1. What are some plans you have for missions next year?

We are planning to return to our adopted country as soon as the infection numbers is significantly reduced. It is not our timing, but the Father’s timing. It is not our plan, but the Father’s plan for us.

In the meantime, we continue to operate in this “new normal”. We will connect with the lost by working remotely or tele-commuting and continue to equip and mentor our disciples. Adapt, adopt and apply creative new ways of reaching out is the triple “A” strategy forward for us.

  1. What is a personal takeaway for you from the disruption this year?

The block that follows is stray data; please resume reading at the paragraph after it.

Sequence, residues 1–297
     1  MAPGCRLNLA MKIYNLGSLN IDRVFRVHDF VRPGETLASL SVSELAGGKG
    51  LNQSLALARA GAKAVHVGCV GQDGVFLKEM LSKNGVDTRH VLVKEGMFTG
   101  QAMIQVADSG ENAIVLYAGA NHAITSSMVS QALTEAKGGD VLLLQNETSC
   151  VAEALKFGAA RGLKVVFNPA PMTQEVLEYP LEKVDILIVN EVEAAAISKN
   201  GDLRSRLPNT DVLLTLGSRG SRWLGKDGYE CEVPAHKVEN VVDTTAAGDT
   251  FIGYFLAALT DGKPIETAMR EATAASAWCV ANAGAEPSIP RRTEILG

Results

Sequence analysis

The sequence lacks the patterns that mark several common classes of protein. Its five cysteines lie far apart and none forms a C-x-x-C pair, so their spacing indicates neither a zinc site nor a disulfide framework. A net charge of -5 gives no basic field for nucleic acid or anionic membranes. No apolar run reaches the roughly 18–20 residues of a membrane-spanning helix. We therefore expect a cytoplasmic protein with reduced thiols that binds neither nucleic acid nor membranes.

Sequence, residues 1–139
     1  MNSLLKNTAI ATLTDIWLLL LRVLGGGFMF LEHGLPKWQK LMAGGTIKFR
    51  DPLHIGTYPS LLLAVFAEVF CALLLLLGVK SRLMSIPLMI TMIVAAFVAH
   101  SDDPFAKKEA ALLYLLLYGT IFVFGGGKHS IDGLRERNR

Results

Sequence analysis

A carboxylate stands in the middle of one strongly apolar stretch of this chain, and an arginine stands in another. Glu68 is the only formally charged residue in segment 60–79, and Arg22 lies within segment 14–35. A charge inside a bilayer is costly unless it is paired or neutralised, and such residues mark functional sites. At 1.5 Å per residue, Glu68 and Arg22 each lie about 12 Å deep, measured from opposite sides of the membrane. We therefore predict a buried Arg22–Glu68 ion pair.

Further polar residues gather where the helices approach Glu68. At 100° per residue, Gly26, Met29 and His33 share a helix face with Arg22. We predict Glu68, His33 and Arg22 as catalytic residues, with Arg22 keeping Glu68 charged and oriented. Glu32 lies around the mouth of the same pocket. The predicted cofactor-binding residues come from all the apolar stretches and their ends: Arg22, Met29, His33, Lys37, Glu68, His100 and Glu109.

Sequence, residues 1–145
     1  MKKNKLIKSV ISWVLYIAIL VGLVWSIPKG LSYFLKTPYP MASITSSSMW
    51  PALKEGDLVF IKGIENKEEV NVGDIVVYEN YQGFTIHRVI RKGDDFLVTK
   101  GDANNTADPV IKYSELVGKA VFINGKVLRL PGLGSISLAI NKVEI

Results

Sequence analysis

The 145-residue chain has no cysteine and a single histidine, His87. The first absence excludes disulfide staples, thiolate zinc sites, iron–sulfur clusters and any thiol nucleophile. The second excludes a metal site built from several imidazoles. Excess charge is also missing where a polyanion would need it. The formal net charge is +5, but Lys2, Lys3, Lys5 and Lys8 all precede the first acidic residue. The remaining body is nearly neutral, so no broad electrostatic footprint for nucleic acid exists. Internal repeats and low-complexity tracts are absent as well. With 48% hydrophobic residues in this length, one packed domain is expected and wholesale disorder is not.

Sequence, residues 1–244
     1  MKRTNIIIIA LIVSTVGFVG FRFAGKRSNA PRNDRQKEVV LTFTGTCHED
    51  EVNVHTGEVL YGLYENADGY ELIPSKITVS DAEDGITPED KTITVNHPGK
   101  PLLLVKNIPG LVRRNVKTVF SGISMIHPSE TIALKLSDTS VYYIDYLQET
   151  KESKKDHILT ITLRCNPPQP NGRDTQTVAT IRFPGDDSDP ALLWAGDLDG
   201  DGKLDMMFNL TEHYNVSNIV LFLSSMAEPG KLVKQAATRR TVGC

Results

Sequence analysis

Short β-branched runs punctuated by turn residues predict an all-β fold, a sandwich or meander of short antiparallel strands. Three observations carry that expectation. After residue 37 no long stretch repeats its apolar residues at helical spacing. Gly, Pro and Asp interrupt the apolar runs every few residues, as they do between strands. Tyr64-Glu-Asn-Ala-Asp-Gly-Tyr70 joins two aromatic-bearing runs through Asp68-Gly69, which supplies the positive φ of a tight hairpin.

Less than a year ago, nobody imagined our world will be shaken by a tiny virus.  This unexpected “disruption” forced us to hit the “pause” button and evaluate our priorities. We learn to focus on the important relationships in our lives and investing our time and effort on things of eternal value. There is a heightened sense of urgency to share the Good News.

This verse has been guiding us these past months:

“Look carefully then how you walk, not as unwise but as wise, making the best use of the time, because the days are evil.” Ephesians 5:15 and 16

We are reminded to use our time wisely even if the days are unfavorable: we focus on building relationships, take every opportunity and make every moment count for His Glory!

#EASTAlumni    #EASTLifestyle  #WorldMissions #Covid-19  #Disruption